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Economist Stephen Fuller sounds bullish tone about the next few years in the Washington market
Many area firms, like Colonial Assembly and Design in Spotsylvania County (shown here), which assembles electronic components, benefit from defense dollars. Cutbacks have been proposed in defense spending.
FILE/ROBERT A. MARTIN/THE FREE LANCE-STAR
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Date published: 12/5/2010
One of the Washington area's best-known economists is bullish on the future of the regional economy over the next few years.
"We have a lot of growth coming our way," said Stephen Fuller, director of the Center for Regional Analysis at George Mason University, during a Thursday evening address to area business leaders in Fredericksburg.
Fuller's optimism comes despite the fact that the regional economy is heavily dependent on federal jobs and spending, and that significant cutbacks have been proposed for both to reduce America's growing deficit.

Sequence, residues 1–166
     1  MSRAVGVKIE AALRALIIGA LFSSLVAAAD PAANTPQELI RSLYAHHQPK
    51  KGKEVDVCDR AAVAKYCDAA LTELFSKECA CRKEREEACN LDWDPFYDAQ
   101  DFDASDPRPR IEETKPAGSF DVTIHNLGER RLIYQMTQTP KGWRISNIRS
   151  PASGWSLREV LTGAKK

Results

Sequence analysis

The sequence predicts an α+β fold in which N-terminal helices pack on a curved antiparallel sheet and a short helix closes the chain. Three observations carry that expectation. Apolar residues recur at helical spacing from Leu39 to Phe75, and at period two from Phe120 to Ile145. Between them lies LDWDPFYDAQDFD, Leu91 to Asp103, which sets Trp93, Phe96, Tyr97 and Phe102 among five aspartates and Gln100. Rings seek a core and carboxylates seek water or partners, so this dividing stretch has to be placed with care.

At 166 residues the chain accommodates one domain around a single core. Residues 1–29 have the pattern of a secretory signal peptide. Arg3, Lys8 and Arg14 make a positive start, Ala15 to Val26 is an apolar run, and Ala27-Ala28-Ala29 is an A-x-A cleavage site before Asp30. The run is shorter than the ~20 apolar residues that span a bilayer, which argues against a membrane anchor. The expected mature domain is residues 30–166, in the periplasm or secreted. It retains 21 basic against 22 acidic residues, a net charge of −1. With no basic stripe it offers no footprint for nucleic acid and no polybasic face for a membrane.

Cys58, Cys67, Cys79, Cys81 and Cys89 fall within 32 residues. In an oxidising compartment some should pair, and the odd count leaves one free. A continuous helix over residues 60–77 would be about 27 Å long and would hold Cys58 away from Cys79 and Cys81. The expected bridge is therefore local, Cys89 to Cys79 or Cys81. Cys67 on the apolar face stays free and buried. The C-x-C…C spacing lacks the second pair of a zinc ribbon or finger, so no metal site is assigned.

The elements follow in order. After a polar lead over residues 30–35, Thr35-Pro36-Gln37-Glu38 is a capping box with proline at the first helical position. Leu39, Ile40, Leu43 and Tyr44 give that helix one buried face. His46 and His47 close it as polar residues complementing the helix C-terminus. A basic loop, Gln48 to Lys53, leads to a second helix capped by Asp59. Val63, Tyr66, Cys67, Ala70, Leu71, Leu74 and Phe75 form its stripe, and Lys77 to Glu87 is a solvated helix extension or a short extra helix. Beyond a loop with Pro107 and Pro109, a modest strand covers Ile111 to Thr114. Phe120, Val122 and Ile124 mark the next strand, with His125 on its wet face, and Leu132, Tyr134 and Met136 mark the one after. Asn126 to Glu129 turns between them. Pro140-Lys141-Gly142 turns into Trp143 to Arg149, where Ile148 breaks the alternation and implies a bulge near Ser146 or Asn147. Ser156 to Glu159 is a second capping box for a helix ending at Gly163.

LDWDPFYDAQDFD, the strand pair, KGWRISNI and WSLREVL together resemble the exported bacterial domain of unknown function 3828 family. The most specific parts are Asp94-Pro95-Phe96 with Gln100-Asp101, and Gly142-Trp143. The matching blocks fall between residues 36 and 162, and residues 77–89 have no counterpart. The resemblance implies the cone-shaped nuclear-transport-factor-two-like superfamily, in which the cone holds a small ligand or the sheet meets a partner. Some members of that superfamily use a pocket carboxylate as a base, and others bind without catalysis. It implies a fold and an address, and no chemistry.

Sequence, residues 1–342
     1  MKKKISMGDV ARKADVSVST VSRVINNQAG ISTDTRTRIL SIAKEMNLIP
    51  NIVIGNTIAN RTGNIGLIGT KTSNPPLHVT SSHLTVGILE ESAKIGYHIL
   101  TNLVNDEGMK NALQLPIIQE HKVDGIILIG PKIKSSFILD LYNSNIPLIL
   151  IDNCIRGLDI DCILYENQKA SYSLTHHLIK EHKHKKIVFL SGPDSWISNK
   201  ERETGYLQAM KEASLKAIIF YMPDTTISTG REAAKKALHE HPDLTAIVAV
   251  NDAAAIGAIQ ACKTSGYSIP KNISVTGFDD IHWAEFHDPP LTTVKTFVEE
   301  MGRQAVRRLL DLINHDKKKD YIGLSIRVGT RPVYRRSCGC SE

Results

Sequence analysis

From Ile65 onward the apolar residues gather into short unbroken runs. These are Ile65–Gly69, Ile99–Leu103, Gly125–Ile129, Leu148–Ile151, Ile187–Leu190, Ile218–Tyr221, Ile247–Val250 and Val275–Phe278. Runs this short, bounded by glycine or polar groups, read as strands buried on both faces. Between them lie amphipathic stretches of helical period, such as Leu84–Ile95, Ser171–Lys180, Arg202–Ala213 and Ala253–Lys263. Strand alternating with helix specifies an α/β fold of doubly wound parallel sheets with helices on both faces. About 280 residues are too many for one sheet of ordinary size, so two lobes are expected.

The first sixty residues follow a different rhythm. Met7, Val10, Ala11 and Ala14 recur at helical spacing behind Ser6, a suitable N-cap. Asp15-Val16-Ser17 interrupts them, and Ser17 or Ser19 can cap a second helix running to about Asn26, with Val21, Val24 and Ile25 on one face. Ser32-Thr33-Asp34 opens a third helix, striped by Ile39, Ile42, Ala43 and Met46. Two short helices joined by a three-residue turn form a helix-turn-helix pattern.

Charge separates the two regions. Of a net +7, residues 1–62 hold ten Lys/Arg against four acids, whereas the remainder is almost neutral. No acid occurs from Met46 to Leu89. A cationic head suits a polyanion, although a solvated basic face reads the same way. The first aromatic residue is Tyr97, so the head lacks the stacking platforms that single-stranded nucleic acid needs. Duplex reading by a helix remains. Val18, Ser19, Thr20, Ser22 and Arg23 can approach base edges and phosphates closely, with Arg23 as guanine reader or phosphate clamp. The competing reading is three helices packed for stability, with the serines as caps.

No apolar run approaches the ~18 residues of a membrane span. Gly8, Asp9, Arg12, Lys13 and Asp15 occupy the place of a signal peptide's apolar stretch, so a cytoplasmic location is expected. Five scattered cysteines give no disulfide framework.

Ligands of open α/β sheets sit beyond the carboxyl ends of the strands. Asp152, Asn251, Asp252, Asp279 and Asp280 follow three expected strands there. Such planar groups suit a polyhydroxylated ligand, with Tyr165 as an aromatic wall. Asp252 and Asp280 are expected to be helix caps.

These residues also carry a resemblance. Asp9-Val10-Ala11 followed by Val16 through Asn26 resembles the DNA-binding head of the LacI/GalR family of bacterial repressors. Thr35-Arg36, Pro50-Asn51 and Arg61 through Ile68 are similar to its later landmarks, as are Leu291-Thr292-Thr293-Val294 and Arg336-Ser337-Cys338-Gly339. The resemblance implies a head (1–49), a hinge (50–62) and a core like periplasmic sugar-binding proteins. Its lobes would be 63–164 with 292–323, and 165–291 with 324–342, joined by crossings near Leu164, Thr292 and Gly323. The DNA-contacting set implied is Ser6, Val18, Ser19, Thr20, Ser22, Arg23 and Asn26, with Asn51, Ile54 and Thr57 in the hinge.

Fuller said that the cuts proposed by U.S. Defense Secretary Robert Gates may not come to fruition, and even if they do it doesn't mean that the region's defense contractors can't get more than their share of the available money. He said contractors have already started to adjust to the possible cutbacks, learning how to "do more with less" and buying smaller companies to help with growth.
A couple of examples of the latter trend have touched the Fredericksburg region of late. Two of the region's larger employers, A-T Solutions Inc. and MTCSC Inc., have been or soon will be acquired by larger firms based in Northern Virginia.
Fuller said the BRAC jobs coming to Fort Belvoir and Quantico Marine Corps Base will stimulate the regional economy and require more housing, of which little has been built during the recession over the past few years. He predicted that people who have the jobs at first will someday retire and stay in their homes, while new people will move in to fill the jobs.
Walton International Group is betting big on this trend. The Canada-based real estate investment firm has already bought hundreds of acres in southern Stafford County and plans to purchase hundreds more. The firm has said residential development will be needed in the county, likely within the next five years or so.
Fuller predicted that the incoming residents and jobs will lead to more investment in new office and retail developments. He said many people will eventually move closer to their jobs, and that others will avoid traffic woes by telecommuting. He said building new roads isn't the solution to the region's transportation problems.